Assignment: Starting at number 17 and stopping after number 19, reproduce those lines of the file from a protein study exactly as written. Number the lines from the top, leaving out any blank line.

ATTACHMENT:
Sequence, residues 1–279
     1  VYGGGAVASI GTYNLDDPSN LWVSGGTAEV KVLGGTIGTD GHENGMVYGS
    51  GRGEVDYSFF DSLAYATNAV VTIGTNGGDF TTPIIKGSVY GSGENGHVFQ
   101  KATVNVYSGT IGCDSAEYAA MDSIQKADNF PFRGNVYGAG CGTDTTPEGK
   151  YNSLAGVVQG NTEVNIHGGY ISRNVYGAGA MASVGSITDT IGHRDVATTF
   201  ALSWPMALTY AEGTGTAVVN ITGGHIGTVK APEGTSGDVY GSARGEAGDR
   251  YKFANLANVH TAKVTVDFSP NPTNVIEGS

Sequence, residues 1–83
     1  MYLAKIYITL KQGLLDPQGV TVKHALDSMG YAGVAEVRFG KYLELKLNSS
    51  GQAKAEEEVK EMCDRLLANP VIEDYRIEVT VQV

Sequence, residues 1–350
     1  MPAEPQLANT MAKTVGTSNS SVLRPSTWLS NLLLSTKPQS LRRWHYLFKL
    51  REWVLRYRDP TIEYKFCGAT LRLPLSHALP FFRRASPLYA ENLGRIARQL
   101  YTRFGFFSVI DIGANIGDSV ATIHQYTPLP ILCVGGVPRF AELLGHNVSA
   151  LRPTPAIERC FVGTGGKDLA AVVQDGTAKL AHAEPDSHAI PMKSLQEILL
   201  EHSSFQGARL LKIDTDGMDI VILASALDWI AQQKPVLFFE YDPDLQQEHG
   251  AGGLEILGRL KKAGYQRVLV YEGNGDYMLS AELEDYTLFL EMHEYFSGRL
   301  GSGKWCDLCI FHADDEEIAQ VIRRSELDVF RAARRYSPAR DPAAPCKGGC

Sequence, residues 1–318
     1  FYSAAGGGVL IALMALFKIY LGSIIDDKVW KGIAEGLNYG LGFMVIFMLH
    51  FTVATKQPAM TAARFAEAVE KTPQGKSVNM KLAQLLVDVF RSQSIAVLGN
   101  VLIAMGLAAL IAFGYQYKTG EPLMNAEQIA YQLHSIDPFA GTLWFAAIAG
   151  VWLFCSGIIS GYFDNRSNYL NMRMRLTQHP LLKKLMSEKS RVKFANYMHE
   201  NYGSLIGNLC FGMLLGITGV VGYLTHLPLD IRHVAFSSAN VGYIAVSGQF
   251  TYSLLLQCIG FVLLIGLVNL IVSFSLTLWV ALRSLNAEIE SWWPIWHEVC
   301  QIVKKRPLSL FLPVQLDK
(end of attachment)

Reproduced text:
   251  AGGLEILGRL KKAGYQRVLV YEGNGDYMLS AELEDYTLFL EMHEYFSGRL
   301  GSGKWCDLCI FHADDEEIAQ VIRRSELDVF RAARRYSPAR DPAAPCKGGC

Sequence, residues 1–318